And while it’s probably true that Charter will just find some other way to impose rate hikes on these subscribers, the conditions are at least an interesting signal from the FCC (and the DOJ, that issued its own statement on the approval) that it recognizes the growing threat usage caps are posing to the future of innovative services. Still, the conditions will be no substitute for real broadband competition, the lack of which a bigger, badder Charter will simply have to find new and creative ways to abuse.

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Companies: charter, time warner cable

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Comments on “FCC To Ban Charter Communications From Imposing Usage Caps If It Wants Merger Approval”

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25 Comments
Sneeje (profile) says:

Re: Re: Uh, so?

“I suspect a condition of sale like this could easily be shot down in court.” Nope.

I think if you do a little research you’ll see that there really aren’t any examples of post-merger legal actions against the government. The anti-trust laws give the government wide latitude to take these guys to the cleaners and pre-merger approvals have been well-vetted in the courts.

Any challenges would have to be of a fundamentally obvious constitutional nature (like if they FCC said … as long as those Jews don’t charge usage caps), they won’t dare take it to court. Because if they do, the anti-trust hammer comes down hard.

Anonymous Coward says:

Re: Re: Uh, so?

Seems that corporations do as they please these days, some receive a slap on the wrist and have to cough up a small percentage of their ill gotten gains while continuing the bad practices because it still generates profit. All the while, they keep claiming that the market is self regulating. Yeah sure it is.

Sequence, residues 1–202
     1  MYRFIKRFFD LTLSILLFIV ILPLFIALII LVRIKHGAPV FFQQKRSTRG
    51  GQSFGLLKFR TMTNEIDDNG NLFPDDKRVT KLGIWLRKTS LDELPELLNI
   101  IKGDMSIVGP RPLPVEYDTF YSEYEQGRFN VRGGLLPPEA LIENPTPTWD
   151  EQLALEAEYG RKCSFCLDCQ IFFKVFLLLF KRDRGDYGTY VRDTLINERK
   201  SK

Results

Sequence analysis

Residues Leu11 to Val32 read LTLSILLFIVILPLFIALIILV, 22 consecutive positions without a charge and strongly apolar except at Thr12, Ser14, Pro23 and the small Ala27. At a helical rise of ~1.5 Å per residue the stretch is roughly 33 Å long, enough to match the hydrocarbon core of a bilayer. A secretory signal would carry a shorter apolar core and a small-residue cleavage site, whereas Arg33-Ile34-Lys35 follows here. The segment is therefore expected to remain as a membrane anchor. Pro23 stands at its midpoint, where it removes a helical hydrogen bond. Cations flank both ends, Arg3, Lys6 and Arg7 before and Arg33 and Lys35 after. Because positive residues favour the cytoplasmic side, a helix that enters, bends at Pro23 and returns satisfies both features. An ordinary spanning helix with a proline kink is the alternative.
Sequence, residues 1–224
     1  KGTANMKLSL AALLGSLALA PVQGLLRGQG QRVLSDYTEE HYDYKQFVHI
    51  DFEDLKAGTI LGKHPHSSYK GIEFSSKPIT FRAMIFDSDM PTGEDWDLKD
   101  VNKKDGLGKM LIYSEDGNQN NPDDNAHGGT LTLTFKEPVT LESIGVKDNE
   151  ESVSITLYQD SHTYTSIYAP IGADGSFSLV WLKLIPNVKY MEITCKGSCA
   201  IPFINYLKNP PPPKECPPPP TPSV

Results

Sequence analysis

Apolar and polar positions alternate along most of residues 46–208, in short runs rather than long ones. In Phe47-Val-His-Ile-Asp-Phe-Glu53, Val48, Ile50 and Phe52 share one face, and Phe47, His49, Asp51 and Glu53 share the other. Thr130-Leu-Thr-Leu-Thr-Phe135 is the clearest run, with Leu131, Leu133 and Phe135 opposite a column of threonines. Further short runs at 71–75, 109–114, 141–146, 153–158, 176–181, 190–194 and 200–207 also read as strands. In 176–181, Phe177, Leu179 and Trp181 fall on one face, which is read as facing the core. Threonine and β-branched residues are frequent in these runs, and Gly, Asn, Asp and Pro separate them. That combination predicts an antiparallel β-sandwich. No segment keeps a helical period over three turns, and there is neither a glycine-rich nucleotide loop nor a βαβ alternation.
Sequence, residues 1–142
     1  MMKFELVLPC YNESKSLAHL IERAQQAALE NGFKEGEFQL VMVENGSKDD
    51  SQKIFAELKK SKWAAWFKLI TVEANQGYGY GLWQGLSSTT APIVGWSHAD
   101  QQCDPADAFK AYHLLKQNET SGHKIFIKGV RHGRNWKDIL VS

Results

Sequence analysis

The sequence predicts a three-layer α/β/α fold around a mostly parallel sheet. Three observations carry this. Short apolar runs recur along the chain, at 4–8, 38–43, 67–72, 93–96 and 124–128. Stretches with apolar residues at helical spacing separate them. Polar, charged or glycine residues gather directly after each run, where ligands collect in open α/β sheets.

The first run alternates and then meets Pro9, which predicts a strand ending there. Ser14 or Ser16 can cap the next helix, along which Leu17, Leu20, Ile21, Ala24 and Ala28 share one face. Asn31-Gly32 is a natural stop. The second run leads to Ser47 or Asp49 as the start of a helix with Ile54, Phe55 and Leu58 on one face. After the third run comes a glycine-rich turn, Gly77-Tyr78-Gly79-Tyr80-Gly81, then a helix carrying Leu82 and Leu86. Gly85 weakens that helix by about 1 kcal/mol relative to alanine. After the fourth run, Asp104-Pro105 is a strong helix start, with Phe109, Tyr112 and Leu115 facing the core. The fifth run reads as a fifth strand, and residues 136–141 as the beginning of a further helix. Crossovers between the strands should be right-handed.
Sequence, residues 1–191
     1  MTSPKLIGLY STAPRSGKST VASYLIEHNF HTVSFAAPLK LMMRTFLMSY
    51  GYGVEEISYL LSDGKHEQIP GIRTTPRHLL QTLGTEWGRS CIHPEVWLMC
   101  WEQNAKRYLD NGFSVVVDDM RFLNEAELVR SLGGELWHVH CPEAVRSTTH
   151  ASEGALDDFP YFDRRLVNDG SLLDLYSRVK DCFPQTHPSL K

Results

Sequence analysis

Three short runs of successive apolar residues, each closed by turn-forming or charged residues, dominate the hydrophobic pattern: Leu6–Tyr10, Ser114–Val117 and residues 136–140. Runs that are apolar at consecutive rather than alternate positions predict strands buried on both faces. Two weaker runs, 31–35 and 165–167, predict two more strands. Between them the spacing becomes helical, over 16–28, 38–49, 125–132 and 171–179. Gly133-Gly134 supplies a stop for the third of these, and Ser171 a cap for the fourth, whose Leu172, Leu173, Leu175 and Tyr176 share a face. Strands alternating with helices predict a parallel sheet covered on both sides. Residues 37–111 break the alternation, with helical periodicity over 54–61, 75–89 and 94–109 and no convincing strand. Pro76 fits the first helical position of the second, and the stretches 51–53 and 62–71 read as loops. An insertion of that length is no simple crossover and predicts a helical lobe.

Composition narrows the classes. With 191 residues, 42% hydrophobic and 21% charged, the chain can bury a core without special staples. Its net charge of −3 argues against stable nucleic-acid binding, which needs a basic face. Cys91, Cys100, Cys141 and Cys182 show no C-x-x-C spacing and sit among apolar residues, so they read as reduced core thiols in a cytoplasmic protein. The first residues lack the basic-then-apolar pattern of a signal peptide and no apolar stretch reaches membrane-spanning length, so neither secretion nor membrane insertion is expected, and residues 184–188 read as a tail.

Capt ICE Enforcer says:

Usage Caps???

We will never charge for usage or have data caps. What we have is a RLRP (Real Life Role Play). Here is how RLRP works. Everyone starts out at the bottom of the totem pole. A sewer rat trying to climb your way to success in order to be the King/Queen/CEO or whatever you chose. Here is how you increase your level in RLRP…

Level / Spend Per Month / Reward
2: / $100 / Free access to YouTube
3: / $200 / Free 512 MB of online storage
4: / $300 / Free drink koozie with our logo on it.
5: / $500 / Priority data transmission which is still slower than your neighbors.
65: / $1,300 / You did it, You are the king. Go online and select your Elite membership package. Which includes a $5 string backpack, $4 sunglasses, $1 bumper sticker. All of which include our company logo. $49 charge for shipping and handling.

K`Tetch (profile) says:

I don’t see how they (ISPs) can even justify their cap levels.

two years ago, I was on AT&T DSL. I wasn’t exactly pushing it hard and yet I broke 250GB (not even the 15Gb they said DSL was limited to) most months. And that’s with 6/0.5Mbit DSL – something that hadn’t been ‘broadband’ for a few years, and which had stayed steady in price since 2007.

I’m now on charter (as those that read my IPgeolocation piece will know) and it’s 60/4. I looked up some stats for some of my devices at the end of Jan, and just between the xbox, my main desktop, my tablet, son’s tablet and wife’s phone, we’d done over 300gb. That doesn’t count the smartTV, eldest’s phone, eldest’s laptop or tablet, youngest’s tablet, my laptop, my media-editing desktop (which does all my multi-gig youtube uploads), my wife’s laptop (where she works from home most days via a VPN) or my work PC (where I do all the lovely bittorrent testing stuff for TorrentFreak)

I wouldn’t be surprised if I pushed a terabyte or more a month. And the worst thing – I have apprximately 64Mbit/sec of bandwidth available to me. 1TB/month is not even 4Mbit/sec average. it’s 1/16th of what I pay for, and I’m betting that’s WAY over what they claim I should use.

vdev (profile) says:

restriction period

Why is it that the restrictions are only for seven years?? Granted, that’s better than three which was an earlier proposal, but why only seven??

Why not “forever” ??

This is like saying that you have to be good for seven years but then you can rape and pillage all you like.

NO !! The prohibition on bad things is supposed to be permanent.